JERUSALEM -- Israel for the first time has approved a textbook acknowledging to the country's minority Palestinian citizens what they have been learning at home for generations: The Jewish state's creation was a tragedy for them.
The updated third-grade primer stirred debate yesterday as soon as the Education Ministry announced its approval for Arab classrooms this fall. Israeli rightists rose in defense of the school system's traditional teaching of history and declared the book itself a tragedy.
Under the title Living Together in Israel, the book describes events of 1948 and 1949, when Israel's creation by the United Nations in what had been British-ruled Palestine prompted an invasion by Arab armies and the displacement of about 700,000 Palestinian Arabs.
Previous editions gave only the Jewish narrative of the war, pointing out the Jews' connection to the Holy Land and their need for a state because of persecution in Europe. That version focused on the heroism of the Israeli forces and referred to the Palestinian flight as voluntary.
The new edition adds the Arab perspective, noting for the first time that many Palestinians were forced from their homes and became refugees after the winners of the war confiscated their land and barred their return.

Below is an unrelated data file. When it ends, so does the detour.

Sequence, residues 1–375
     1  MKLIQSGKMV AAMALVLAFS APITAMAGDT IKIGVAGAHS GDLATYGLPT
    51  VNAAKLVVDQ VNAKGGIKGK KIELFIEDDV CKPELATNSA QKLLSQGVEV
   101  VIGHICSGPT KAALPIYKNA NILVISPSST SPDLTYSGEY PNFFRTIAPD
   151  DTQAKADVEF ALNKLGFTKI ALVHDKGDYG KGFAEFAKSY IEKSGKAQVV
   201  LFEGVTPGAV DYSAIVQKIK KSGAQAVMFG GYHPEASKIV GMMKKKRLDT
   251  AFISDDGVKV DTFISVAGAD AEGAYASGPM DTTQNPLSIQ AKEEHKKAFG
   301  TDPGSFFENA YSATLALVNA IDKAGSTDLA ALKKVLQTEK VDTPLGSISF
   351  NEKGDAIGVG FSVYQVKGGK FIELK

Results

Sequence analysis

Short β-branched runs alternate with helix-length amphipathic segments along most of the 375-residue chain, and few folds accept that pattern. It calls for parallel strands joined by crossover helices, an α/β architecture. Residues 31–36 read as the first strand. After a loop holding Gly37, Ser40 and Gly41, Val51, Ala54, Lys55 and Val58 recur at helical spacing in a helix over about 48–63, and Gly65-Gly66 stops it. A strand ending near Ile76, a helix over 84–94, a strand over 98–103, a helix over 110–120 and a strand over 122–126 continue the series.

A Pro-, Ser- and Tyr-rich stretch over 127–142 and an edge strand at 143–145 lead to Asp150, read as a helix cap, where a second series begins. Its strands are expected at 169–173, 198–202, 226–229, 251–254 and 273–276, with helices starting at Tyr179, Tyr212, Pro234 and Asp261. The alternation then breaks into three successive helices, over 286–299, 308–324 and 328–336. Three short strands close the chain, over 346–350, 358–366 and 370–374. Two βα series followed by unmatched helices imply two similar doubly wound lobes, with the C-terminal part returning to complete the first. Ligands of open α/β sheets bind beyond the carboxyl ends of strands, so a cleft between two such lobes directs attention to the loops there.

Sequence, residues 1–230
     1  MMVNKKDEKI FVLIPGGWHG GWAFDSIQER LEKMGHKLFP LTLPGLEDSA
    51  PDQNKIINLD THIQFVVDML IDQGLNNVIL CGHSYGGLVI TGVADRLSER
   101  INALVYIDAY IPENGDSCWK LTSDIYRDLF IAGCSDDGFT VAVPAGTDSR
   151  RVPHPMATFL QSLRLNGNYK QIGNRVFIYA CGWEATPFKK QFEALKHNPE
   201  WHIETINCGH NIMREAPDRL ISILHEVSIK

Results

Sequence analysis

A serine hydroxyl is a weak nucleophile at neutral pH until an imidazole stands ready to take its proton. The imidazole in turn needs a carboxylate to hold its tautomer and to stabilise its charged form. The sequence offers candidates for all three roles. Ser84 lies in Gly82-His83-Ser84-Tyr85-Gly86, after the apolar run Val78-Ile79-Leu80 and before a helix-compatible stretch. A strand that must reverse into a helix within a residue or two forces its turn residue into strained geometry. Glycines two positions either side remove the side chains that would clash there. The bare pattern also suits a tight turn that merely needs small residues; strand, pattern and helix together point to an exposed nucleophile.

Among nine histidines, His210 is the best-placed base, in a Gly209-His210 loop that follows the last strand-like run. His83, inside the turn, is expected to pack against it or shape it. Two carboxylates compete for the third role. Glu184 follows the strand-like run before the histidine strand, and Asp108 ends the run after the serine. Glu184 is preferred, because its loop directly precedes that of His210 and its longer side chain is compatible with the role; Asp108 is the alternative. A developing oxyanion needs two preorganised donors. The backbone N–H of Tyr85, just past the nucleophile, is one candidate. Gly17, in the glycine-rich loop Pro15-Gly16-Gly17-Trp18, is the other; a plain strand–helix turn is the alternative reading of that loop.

"When the war ended, the Jews prevailed and Israel and its neighbors signed a truce," a key passage reads. "The Arabs call the war the 'Nakba,' meaning the war of catastrophe and destruction. The Jews call it the War of Independence."
Palestinians who stayed in Israel, and now make up 20 percent of the population, lived until 1966 under military rule that limited their rights, the new text acknowledges.
"The book offers Arab pupils a balanced picture, so that they may put what they are exposed to in their home environment into the proper context," Education Minister Yuli Tamir said in announcing the new edition.
Although the facts presented are not in dispute, teaching them in Israel is. Some Israeli Jews said the book would encourage a growing militancy among Israeli Arabs.
"Once the Arab pupils are taught that the establishment of Israel was a disaster, they might infer that they should be fighting against us," said Limor Livnat, a former education minister from the right-wing Likud Party. "Our very own educational system may be raising a fifth column."
Other critics demanded that Tamir be fired. The education minister is a member of the left-leaning Labor Party and a founder of the advocacy group Peace Now.
Last year, she ordered that maps in school textbooks show the boundary that existed between Israel and the West Bank before the 1967 Middle East war, provoking challenges from lawmakers, religious leaders and settler groups who claim the West Bank as part of Israel.
Richard Boudreaux writes for the Los Angeles Times.